Neuter Inguinal Hernia
A Deadly Complication
Mini pigs need to be neutered to make good pets. Male piglets that are intact can become fertile as young as 8 weeks old. These little boys will have a very strong foul odor that is unbearable indoors. This offensive smell will also soil the piglet’s bedding and any furniture he spends time on. The behavioral problems of an intact male piglet drives pig parents rushing to have these babies neutered! They will chase and hump the family, other pets, and toys leaving a sticky stinky ejaculate. There is no doubt, all pig parents will want their little boys to be neutered ASAP!!
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Piglets can be neutered as young as 4 weeks old by experienced veterinarians. The AMPA recommends waiting no longer than 8 weeks old to neuter. If you have trouble finding a veterinarian to neuter your piglet, check the AMPA Vet Map for a veterinarian near you. Older boars can be neutered at any age.
The inguinal canal, also known as the inguinal ring, needs to be sewn closed in mini pigs during neuter surgery. The inguinal canal is the opening between the abdominal wall and the testicles. If this is not closed, the mini pig is at great risk of herniating during or after surgery, called an inguinal hernia.
Anesthesia and/or anesthetics should always be used for the comfort of the pig or piglet. While it is routine practice to neuter pigs on farms with no medication, it is our job to ensure our pets are given the care they deserve.
The incision site may be sewn closed or left open to drain. Either way is acceptable. There are pros and cons to both practices. It’s a personal decision your veterinarian will make, but feel free to discuss with them and ask why they choose the method they do.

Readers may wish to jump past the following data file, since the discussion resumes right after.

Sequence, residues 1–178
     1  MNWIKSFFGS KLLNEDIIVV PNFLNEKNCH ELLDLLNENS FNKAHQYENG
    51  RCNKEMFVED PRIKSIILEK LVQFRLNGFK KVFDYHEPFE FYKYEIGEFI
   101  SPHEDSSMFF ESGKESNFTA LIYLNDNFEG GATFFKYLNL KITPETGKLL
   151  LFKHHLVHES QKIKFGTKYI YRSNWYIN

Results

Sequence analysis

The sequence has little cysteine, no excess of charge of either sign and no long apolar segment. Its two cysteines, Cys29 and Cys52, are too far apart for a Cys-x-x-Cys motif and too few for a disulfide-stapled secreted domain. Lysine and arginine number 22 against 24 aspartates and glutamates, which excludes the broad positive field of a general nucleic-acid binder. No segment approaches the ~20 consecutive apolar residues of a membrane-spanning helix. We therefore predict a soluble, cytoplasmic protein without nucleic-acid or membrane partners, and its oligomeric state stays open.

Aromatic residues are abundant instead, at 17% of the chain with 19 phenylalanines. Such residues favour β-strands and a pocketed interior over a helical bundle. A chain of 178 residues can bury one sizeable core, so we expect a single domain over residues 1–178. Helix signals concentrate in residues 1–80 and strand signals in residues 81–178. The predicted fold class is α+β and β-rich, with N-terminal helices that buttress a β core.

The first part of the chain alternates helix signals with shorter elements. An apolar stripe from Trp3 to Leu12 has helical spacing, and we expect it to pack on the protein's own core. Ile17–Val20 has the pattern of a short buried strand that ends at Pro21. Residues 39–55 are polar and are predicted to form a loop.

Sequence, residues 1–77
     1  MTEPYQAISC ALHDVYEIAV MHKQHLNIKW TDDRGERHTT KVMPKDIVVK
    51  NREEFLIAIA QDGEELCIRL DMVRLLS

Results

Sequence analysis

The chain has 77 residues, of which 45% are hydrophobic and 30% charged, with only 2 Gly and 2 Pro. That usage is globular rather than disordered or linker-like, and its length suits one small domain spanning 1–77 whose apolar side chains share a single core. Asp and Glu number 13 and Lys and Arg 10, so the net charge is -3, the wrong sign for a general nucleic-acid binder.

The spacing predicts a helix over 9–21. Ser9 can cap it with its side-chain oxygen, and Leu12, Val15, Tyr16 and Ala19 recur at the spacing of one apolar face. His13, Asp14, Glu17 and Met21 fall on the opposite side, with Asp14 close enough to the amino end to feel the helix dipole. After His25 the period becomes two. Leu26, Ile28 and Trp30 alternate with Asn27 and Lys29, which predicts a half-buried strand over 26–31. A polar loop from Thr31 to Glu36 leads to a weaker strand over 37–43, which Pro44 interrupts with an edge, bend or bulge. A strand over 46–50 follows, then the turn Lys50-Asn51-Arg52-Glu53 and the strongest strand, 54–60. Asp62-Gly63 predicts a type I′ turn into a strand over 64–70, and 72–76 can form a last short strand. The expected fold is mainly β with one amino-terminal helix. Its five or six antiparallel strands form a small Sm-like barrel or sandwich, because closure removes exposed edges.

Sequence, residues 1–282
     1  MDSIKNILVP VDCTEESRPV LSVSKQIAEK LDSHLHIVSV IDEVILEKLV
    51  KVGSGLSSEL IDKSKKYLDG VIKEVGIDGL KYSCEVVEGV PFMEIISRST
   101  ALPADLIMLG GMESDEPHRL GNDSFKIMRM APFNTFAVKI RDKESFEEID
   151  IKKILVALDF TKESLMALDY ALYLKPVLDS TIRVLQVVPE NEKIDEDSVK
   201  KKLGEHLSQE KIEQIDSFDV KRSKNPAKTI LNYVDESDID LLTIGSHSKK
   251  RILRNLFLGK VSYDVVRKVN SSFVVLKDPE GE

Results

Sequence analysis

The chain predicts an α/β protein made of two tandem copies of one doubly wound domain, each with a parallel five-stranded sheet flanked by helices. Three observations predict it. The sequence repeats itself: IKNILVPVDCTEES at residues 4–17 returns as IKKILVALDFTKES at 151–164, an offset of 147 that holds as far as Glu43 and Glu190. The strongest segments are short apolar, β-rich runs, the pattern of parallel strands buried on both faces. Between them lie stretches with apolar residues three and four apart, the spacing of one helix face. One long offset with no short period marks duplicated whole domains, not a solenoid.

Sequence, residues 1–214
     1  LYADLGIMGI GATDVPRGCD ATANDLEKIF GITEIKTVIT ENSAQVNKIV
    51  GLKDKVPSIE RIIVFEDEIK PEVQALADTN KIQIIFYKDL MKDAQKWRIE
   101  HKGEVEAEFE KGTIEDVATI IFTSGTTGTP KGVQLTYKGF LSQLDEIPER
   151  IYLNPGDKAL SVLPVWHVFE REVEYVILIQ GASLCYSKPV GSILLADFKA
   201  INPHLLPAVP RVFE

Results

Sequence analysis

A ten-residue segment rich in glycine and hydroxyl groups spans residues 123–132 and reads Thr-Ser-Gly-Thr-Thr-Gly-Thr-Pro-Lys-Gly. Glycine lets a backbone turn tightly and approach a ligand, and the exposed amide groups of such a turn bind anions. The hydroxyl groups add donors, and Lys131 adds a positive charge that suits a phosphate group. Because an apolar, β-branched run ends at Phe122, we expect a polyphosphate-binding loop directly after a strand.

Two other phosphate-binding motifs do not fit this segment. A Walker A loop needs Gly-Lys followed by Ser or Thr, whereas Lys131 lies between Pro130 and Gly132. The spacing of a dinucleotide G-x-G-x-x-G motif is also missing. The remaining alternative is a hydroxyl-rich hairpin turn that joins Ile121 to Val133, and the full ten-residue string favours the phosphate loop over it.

Aftercare is fairly simple for male piglets. The younger they are, the quicker they spring back. Offer canned pumpkin with their meals to keep stools soft. Don’t expect perfect potty habits as they may be sore from the surgery. Their potty habits should resume shortly. It may take several weeks for the hormonal habits and odor to dissipate. Pigs can be fertile for up to 4 weeks after neuter. Read more pre and post surgery care from Dr. Cathy here.
Inguinal Hernia – Dangerous & Preventable
Inguinal hernias are a life threatening & expensive neuter complication. Once the testicles are removed during neuter, the intestines can push out through this canal if it is not closed by the veterinarian. This results in either a bulge under the stitches, or the intestines will spill out of the incision site. If you believe your mini pig has herniated, seek emergency veterinary care immediately. If the intestines spill out of the body, the piglet will go into shock with death shortly after. If the hernia is held in by the stitches, it is still life threatening. The intestines can easily become strangulated, causing extreme pain and death.
In rare cases, piglets are born with an inguinal hernia. This is often caused by a hereditary defect. The parent(s) of these piglets passing on the hereditary defect should be retired from the breeding program and altered. Breeders should NEVER sell an intact piglet with an inguinal hernia.
Whether the hernia is apparent before or after neuter, it is important to receive veterinary care promptly. The neuter can be repaired with surgery to pull the intestines back into the abdomen and suture closed the hernia. This surgery is not always successful, many piglets die during surgery, but the risk of not treating the hernia is certain death.
Always discuss this with your veterinarian before surgery. Some vets are not aware of the anatomical differences in full size pigs and mini pigs. When full sized pigs are castrated on the farm, it is common procedure to leave the inguinal ring open. Farms operate on cost benefit. The full size pigs have a far lower incidence of herniation than mini pigs, and if they do herniate they are culled. This is not an option for our pet pigs that depend on us. Always insist the veterinarian closes the inguinal ring to prevent herniation.
Breeding Responsibly Saves Lives
Avoid the hassle of an intact piglet and the risks associated with high cost surgery by choosing an AMPA Registered Breeder. AMPA Breeders neuter all male pet piglets by an experienced veterinarian before they go home with their new parents.
If a piglet is born with or develops a hernia, the AMPA Registered Breeder will have corrective surgery done before he leaves their care. Healthy piglets will also be neutered prior to leaving, closing the inguinal ring. If any complications happen post surgery, the breeder will have an experienced veterinarian on standby.
Pig parents should not be faced with these challenges, financial burdens, and heartache. It is the breeder’s responsibility to ensure piglets are neutered and healthy, ready to join their new family!